Defensively, you can expect Stanford to play a lot of 2-3 zone in an attempt to limit the Lobos’ inside production. The Stanford zone has been a work-in-progress all season, but the strategy revealed its fruits in late February when Stanford upset UCLA. Many think the Lobos struggle against the zone, but this conclusion lacks important factors. The Lobos dominated zones multiple times this season, but they consistently struggled against zones with longer defenders. Stanford has the longer defenders to limit the Lobos’ interior passing and production in the paint. Another key component to the Lobos’ struggles against the zone occurs in where the Lobos start their offense. SDSU’s Dwayne Polee and his 6’7” frame pushed the Lobos to initiate their offense near half court, and the Lobos struggled to get any offensive rhythm starting there. Stanford has been more content to play the zone inside the three-point line, but we will have to wait to see if Stanford Coach Johnny Dawkins makes any adjustments. Early in the game, don’t expect the Lobo frontcourt to be overpowering against the zone.
Stanford’s best player is 6’2” Chasson Randle. A three year starter, the junior averages 18.7 points a game, and this season he is shooting a stellar 48.5% from the floor. He scored 33 points twice this season, once in a loss to BYU and again in a win at Washington. His best performance this season, however, came during the win against UCLA when he shot 7 for 10 from three point range. Randle will be a difficult match up for the Lobos. In the last three games, the high scorer for Lobos’ opponent has been a guard of 6’3” or shorter. Don’t expect that trend to be any different on Friday, but the Lobos should be able to keep Randle under his average.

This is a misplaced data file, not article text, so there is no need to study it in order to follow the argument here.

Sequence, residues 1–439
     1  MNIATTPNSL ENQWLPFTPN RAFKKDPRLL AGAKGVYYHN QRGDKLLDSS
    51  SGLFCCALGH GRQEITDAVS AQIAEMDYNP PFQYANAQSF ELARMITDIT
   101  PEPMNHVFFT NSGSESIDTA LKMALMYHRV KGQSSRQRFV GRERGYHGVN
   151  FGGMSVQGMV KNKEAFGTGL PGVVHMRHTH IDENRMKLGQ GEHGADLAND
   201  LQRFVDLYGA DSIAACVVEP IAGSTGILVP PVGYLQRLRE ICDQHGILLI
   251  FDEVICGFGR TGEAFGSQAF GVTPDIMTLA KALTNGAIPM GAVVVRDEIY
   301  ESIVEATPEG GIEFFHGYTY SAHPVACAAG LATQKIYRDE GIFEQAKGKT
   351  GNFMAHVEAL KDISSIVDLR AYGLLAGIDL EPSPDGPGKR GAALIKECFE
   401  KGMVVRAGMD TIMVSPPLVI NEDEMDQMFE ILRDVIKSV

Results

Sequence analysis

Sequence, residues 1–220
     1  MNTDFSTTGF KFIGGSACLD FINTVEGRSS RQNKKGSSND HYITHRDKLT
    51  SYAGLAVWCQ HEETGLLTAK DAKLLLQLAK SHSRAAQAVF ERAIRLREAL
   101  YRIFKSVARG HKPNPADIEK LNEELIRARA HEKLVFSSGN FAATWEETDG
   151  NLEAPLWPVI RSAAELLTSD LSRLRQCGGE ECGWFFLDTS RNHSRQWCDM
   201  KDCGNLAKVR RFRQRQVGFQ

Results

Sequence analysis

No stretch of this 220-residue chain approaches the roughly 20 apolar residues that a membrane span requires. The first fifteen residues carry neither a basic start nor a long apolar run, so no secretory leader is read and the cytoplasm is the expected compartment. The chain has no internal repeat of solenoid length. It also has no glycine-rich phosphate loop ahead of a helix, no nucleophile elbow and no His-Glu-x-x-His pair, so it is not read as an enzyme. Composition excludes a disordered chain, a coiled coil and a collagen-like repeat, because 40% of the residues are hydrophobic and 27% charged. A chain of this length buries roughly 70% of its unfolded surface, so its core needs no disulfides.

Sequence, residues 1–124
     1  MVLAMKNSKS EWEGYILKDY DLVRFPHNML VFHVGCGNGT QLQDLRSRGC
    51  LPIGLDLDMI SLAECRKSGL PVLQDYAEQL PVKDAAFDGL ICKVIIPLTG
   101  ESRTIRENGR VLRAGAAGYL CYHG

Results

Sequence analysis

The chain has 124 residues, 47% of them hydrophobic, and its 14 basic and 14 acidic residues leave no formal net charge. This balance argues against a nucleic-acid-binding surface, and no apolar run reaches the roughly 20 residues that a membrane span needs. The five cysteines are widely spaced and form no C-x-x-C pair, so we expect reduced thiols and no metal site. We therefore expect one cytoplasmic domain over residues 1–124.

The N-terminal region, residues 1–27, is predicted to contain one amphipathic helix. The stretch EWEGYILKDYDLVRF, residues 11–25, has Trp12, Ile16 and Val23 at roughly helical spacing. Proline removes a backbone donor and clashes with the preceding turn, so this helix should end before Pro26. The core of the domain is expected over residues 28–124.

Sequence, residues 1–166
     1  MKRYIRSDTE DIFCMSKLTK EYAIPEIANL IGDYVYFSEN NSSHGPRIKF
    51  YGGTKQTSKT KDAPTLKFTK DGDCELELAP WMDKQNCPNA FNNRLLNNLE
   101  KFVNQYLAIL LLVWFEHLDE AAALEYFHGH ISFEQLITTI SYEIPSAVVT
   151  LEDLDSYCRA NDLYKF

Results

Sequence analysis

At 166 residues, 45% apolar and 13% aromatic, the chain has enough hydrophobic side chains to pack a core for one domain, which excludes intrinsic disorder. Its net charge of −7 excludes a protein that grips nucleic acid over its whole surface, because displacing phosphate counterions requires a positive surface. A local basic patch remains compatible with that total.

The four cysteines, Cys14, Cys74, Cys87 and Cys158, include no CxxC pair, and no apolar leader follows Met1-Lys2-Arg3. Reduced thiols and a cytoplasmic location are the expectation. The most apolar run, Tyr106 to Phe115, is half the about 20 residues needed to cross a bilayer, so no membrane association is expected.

Stanford’s clear weakness is a lack of depth. Four Cardinal players average over 32 minutes per game, and these same four players--Randle, Powell, Huestis, and Anthony Brown--all average over 11 points per game. In the last four losses, Stanford has had one or more of these players in foul trouble. If Lobos get Randle or Powell in foul trouble, the game is over.
For the Lobos, a victory starts with defense. It sounds simple, but UNM can’t give up easy points--dunks, layups, and free throws. Stanford will try to score when mismatches occur and when UNM commits to help on defense. If the Lobos protect the rim and keep Stanford off the line, the Cardinal must hit jumpers--something they can do, but not their first option or greatest strength. The Lobos will consider Randle the highest individual priority. Look for UNM to deny him the ball, be in his face the whole game, and make him work for every point--the Lobos used a similar strategy successfully against SDSU’s Xavier Thames. The Lobos will also have to keep track of the other starting guard, Brown. He shoots 44% from three-point range, and he may be ready for a big night if the Lobos leave him open.